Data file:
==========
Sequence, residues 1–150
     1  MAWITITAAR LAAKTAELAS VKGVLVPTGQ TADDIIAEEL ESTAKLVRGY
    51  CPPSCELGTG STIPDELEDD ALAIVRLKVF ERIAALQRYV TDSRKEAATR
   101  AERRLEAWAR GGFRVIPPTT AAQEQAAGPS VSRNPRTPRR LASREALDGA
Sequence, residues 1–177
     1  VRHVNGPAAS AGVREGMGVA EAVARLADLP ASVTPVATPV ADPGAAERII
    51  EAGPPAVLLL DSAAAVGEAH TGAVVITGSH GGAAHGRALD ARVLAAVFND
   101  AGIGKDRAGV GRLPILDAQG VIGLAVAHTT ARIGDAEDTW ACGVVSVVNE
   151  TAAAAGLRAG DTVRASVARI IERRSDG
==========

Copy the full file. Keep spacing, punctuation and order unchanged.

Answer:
Sequence, residues 1–150
     1  MAWITITAAR LAAKTAELAS VKGVLVPTGQ TADDIIAEEL ESTAKLVRGY
    51  CPPSCELGTG STIPDELEDD ALAIVRLKVF ERIAALQRYV TDSRKEAATR
   101  AERRLEAWAR GGFRVIPPTT AAQEQAAGPS VSRNPRTPRR LASREALDGA
Sequence, residues 1–177
     1  VRHVNGPAAS AGVREGMGVA EAVARLADLP ASVTPVATPV ADPGAAERII
    51  EAGPPAVLLL DSAAAVGEAH TGAVVITGSH GGAAHGRALD ARVLAAVFND
   101  AGIGKDRAGV GRLPILDAQG VIGLAVAHTT ARIGDAEDTW ACGVVSVVNE
   151  TAAAAGLRAG DTVRASVARI IERRSDG